With inflation at a 45 year high, what has happened to the housing market during that time?

In 2022, we have seen prices shoot up for food, fuel, and energy in a full-blown cost-of living-crisis for businesses and householders alike. In October, inflation rose to its highest level in 45 years and a lengthy recession is also on the cards by the end of the year as we see the economy shrink further.

To add to this doom and gloom – particularly for homeowners who bought during the recent property price boom of the post covid era – there are also predictions of a house price crash in the next 12 months. Cheery times indeed! 

So, given this most recent jump in inflation, we consider what has happened to the UK property market in the last 45 years and where it may be headed. 

The 1970s

The start of the 1970s saw a surge in both homeownership and house price growth. However, a long period of social and political unrest began in 1973 with the Arab–Israeli War, the worldwide oil crisis, and industrial strikes, plunging the UK into a two-year recession. Unemployment soared, as did inflation, hitting 24% in 1975. As a result, house prices were well and truly stalled. 

Whilst this hike in inflation was in part due to the oil crisis, average earnings were also up 30% in 1975, rising 15% overall across the decade, thanks to strong trade unions who often held the country to ransom in their push for greater pay increases, most famously during the 1978-79 winter of discontent. This meant inflation remained high as companies sought to offset wage increases with higher costs to consumers. 

Under newly elected Margaret Thatcher, interest rates rose to 17% and public spending cuts were introduced in an effort to tackle inflation and curb wage demands.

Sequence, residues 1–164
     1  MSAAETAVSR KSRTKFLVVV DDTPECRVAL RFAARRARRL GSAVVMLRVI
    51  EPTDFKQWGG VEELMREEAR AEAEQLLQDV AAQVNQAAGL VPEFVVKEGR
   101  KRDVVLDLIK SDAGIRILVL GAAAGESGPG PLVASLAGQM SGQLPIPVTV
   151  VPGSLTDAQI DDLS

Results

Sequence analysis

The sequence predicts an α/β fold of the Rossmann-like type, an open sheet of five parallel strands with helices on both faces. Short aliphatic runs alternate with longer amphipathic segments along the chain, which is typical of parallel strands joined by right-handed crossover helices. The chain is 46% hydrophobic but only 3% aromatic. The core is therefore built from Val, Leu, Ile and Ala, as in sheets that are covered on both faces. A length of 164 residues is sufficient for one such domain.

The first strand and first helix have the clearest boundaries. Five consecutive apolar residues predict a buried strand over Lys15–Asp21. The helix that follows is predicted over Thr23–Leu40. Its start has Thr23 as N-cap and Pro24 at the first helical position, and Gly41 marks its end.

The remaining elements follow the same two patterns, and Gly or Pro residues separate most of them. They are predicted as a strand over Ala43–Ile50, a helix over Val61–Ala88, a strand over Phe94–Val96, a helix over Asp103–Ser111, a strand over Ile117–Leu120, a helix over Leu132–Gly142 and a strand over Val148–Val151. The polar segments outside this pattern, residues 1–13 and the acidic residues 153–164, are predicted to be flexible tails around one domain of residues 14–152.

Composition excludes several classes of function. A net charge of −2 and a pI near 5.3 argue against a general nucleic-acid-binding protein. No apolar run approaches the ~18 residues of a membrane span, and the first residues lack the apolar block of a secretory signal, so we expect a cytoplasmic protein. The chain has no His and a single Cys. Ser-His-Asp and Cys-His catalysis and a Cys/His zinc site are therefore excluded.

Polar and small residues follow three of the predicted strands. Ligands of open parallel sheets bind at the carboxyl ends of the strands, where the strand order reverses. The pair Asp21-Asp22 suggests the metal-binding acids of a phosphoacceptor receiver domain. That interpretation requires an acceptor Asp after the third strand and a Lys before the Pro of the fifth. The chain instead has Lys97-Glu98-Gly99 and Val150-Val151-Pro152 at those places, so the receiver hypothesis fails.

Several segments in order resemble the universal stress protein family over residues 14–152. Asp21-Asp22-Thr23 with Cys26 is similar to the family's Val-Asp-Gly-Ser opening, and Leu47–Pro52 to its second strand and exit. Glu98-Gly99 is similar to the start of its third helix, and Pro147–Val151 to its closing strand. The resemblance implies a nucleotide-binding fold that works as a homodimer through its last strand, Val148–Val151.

The 1980s 

By 1980, inflation was still at 18% thanks to the “stagflation” effect of slow economic growth versus high levels of inflation throughout the 1970s. Whilst unemployment was high and the UK hit another recession from 1980 – 1981, by 1985 inflation had fallen to below 5%. 

Echoing the early 1970s, many aspired to home ownership in the 1980s, particularly as a result of the 1980 Housing Act and ‘Right to Buy’ scheme for council house tenants which allowed them to buy the home they lived in at a significant discount. 

House prices rose by 16% in 1987 and jumped to 25% growth in 1988 as confidence in the UK’s economic situation grew, interest rates were low and financial deregulation meant securing a mortgage became much easier. According to Nationwide, in 1980 the average house price was just over £23,287, nearly trebling to £62,782 by 1989. 

The 1990s

Unfortunately, there was another period of economic downturn in the UK and across the wider western world from 1989 to the early 1990s. The US savings and loan crisis, the end of the Cold War, Iraq’s invasion of Kuwait – which sparked another oil crisis – overconfidence in the ‘boom’ economy of the 1980s, high levels of consumer debt, and the resultant restrictive monetary policy all had an impact. Inflation began to creep up again, hitting 8% by 1990 and pushing many people into financial difficulty.

As a result, the UK entered another recession in 1990. Interest rates hit a hefty 15% by 1992, and house prices dipped by 20% (30% in London and the South East) from 1989 to 1993. 

By 1996, both the economy and house prices had recovered somewhat, although interest rates were still fairly high. Enter the age of the interest-only mortgage, which made borrowing money much easier and minimum repayments very low. Of course, at the time, this seemed ideal, particularly by 1999 when the average interest rate fell to 5.5%.